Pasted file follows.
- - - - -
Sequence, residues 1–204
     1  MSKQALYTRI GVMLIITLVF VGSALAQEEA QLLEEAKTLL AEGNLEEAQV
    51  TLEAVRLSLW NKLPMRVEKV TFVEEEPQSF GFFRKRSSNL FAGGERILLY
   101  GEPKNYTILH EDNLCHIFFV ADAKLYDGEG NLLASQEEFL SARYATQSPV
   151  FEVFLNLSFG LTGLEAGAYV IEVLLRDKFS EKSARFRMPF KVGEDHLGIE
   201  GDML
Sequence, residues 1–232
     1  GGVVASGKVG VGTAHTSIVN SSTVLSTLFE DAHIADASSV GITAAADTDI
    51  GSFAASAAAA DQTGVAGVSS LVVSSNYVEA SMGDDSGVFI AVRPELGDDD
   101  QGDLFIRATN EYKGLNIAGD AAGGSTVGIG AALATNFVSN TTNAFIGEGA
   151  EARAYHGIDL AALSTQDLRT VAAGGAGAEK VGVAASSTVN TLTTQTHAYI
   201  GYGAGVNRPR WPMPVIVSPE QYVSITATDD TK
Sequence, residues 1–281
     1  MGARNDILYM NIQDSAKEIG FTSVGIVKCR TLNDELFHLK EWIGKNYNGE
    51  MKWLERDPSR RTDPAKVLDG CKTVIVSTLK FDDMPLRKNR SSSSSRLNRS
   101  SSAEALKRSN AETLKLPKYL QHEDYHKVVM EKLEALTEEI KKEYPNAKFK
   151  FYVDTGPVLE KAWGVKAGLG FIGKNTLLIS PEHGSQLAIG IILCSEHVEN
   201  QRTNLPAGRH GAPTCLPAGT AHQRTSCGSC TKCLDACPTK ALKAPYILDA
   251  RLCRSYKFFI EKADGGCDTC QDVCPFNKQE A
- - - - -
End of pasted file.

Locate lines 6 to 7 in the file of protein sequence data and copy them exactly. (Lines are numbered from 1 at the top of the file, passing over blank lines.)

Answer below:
   201  GDML
Sequence, residues 1–232